"Bullshit!" she hissed. "You are still here, or aren't you?"
He smiled sadly at her. "Yes, I am. I am here because I was needed and I will continue to be here ... if you want me to, but I can never go back to being what I was. The Shadow is dead and his place has been taken by others. If one of my old enemies rises again, I will be ready to battle him, but until then I will be content to exist ... somewhere."
Maren mulled this over. He was right, she knew. If he came back to life ... who was he then? Lamont Cranston had been declared dead five decades ago, his property ... only God knew what had happened to it. She might be able to find out in time where everything had gone. The Shadow no longer had any agents, most of them were either dead or too old to be of service any longer, and even if he choose to build a new net of Shadow agents .... operating in these 'modern' times would prove to be very difficult.
"I understand," she finally said, smiling and gently squeezing his arm.
He smiled back, the sadness still in his eyes. Then he turned to Pele. "Your offer is a gracious one, but I can't accept it."
The goddess nodded. "I will not withdraw my offer, Kent Allard," she said. "It will stand for all eternity." With that she disappeared.
Maren's knees suddenly felt weak and she collapsed back onto the bed with a sigh. Cranston, as physical as he could be, sat down beside her. She looked at him, studying his features for a long time. He looked back at her, his blue eyes holding an indecipherable expression. After some time Maren smiled.
"Now ... care to tell me what you did to my body while I was out cold in some recess of my mind?" she asked, letting just enough of a scowl creep into her voice to make him look a bit .... guilty? Well, it was a word for it, but she guessed that Lamont Cranston, The Shadow, seldom felt real guilt. It was more the look of someone caught with his hand in the cookie jar, doing something he had been told not to do.
"I'm waiting," she informed him as he looked uncomfortably at her. Somehow she savored that look ... "And while you're at it, care to tell me who Kent Allard is?"
"Well....." he began hesitantly. "It's a long story...."
* * *
David Xanatos had a headache. He lay back in his leather chair and closed his eyes, wishing the aspirin he had taken some time ago would finally decide to work their magic.
"Possession, Owen?" he asked.
"Apparently you were possessed by the spirit of a man who had a bond with an ancient Hawaiian god," Burnett explained. "We believe that the possession took place three or four days ago."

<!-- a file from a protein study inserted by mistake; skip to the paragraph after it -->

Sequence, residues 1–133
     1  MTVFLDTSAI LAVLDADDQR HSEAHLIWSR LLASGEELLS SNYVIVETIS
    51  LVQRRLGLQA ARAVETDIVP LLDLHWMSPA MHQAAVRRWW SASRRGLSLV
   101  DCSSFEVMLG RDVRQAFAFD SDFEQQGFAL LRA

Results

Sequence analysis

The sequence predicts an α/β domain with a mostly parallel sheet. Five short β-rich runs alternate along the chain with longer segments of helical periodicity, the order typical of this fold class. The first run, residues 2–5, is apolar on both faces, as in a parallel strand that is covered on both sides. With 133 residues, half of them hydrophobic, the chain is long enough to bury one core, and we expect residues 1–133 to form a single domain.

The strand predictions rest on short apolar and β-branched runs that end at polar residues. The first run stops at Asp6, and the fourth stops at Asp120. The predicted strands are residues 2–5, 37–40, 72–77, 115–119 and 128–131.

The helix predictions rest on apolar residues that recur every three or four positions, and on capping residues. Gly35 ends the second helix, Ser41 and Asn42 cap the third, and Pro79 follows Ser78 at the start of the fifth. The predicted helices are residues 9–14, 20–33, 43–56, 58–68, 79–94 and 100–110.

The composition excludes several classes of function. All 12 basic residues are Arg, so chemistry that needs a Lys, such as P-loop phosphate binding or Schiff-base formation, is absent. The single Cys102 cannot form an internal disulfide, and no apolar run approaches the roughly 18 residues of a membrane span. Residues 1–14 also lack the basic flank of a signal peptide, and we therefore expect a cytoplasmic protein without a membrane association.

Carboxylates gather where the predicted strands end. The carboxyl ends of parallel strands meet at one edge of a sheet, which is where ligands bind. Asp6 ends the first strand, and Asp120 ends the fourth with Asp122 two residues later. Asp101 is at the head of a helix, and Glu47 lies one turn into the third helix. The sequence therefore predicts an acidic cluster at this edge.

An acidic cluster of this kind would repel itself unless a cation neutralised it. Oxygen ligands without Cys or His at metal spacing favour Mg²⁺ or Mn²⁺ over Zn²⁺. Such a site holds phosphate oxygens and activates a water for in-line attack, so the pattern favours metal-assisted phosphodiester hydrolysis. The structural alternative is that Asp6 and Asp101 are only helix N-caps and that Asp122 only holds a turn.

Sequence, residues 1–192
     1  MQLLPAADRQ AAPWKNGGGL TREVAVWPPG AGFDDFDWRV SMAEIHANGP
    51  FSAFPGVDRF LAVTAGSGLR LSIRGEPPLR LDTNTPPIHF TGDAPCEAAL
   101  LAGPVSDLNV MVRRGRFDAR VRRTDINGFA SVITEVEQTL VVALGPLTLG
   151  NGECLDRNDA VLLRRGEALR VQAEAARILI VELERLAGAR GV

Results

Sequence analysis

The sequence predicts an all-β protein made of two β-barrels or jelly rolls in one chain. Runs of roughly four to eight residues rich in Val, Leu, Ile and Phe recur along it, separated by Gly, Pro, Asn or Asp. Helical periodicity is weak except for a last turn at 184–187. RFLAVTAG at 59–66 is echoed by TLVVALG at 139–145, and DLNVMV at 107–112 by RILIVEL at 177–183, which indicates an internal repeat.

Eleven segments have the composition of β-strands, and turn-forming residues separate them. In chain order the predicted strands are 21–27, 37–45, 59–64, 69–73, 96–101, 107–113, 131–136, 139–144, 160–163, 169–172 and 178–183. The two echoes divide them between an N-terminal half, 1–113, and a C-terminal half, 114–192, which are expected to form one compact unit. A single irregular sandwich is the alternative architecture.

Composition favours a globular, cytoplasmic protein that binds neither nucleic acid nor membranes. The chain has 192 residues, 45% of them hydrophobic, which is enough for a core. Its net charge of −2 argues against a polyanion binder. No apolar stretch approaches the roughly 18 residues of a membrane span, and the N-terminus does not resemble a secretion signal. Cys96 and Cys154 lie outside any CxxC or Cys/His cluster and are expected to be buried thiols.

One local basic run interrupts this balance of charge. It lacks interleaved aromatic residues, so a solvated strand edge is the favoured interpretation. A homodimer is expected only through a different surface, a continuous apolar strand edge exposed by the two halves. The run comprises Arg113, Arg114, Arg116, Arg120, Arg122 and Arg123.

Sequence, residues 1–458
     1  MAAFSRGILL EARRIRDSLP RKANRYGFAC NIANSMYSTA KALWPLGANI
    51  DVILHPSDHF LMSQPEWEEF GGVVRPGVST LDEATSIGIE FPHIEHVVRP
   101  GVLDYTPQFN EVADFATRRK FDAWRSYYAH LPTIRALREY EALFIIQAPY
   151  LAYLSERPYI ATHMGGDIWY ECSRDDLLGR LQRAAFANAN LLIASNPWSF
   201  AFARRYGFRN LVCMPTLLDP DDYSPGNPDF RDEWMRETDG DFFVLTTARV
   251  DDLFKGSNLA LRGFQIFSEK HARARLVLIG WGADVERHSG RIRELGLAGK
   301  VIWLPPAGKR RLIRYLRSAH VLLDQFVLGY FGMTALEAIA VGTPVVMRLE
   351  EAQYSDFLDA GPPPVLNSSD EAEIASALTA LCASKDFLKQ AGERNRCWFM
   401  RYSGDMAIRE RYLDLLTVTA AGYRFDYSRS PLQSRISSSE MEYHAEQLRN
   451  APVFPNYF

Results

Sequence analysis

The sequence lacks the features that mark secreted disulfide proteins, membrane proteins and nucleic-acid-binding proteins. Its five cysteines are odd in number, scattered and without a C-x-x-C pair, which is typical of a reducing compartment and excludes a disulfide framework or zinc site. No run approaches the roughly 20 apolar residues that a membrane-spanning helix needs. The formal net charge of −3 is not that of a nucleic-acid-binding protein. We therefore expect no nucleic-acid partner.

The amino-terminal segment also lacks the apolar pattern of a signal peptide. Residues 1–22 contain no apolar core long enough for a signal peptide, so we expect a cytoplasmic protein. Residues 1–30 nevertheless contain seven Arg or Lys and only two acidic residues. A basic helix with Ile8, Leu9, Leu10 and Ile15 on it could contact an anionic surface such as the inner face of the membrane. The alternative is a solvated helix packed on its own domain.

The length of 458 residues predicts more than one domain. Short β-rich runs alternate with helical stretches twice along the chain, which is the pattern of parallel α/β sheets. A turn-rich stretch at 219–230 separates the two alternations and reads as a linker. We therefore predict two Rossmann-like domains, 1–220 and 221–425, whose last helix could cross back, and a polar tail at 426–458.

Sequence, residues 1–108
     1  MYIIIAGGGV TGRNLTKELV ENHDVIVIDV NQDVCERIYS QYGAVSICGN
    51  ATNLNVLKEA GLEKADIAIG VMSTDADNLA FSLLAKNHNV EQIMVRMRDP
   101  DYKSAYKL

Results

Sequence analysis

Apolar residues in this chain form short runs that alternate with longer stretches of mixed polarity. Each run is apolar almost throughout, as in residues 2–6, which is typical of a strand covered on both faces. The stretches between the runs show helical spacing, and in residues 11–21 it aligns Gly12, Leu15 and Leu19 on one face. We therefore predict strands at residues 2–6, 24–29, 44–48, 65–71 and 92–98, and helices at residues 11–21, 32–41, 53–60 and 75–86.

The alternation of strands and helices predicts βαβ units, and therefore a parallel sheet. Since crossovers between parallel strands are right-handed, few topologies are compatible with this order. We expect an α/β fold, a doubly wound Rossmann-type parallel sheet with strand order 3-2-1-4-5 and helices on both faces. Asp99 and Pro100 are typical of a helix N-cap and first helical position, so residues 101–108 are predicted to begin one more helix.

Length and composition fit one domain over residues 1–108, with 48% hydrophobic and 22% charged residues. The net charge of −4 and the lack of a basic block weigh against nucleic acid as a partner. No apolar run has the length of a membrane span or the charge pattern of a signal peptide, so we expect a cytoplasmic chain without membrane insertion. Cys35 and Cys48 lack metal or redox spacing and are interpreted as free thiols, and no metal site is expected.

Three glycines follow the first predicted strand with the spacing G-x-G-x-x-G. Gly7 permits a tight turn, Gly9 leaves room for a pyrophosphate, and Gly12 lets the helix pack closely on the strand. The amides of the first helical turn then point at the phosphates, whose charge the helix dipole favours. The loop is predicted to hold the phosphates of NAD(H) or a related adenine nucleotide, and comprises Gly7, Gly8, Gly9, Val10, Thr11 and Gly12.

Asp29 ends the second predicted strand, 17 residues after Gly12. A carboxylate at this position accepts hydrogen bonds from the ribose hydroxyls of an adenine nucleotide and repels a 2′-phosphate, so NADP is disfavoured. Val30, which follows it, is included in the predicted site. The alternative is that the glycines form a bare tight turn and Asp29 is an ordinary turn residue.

Xanatos opened his eyes and squinted at his assistant. "I purchased this sculpture at that time," he said slowly.
"Indeed. The sculpture of Kanaloa, the Hawaiian squid god." Owen's voice was level and implied nothing.
"Get rid of it," the billionaire ordered.
"I already took the liberty of sealing it away, Mr. Xanatos."
Xanatos smiled a bit. "This scepter..... what happened to it?"
"You let the Ghostbusters take it back to the Museum of Natural History, Sir."
"I did?" He frowned.
Owen nodded. "You might not remember it very clearly, since you were still suffering from shock at that time."
"I guess I was." Xanatos closed his eyes again. "Owen, get me a full report on that scepter. This might be of interest to me in the future."
Owen Burnett allowed himself a smile. "As you wish, Mr. Xanatos."
* * *
Egon leaned back in his chair and regarded his two friends. "This was very risky, Peter," he informed his dark-haired friend. "You could have been seriously hurt, taking on not only a class eight, but also a god."
"Hey, we didn't know it was a god!" Peter protested half-heartedly. He still felt tired, but he had dragged himself out of his bed by late afternoon, finding Ray and Egon in the lab, studying the scepter, which they had to return to the museum tomorrow.
Winston shook his head. "Still was pretty dangerous," he agreed with Egon.
"But we did it!" Ray said enthusiastically. "And we also met those gargoyles. You should have seen them, Winston! They are fascinating! We have to study them!"
"And we have to take the scepter back to Ms. Mato," Peter added. "Either that or we'll get into a bit more trouble, this time with the museum. We promised to get it back by tomorrow."
"Oh, yeah." Ray looked a bit disappointed.
"Why don't you and Egon make the best of it," Peter informed him brightly, "while I saunter downstairs and ....."
"Sleep," Winston finished wryly.
Peter stuck out his tongue and left the room, head high, shoulders squared. Winston could only chuckle. As he turned he saw that Egon and Ray had taken Peter's advice and were already starting to work on the scepter. With another smile he left the room, leaving them to their research and experiments.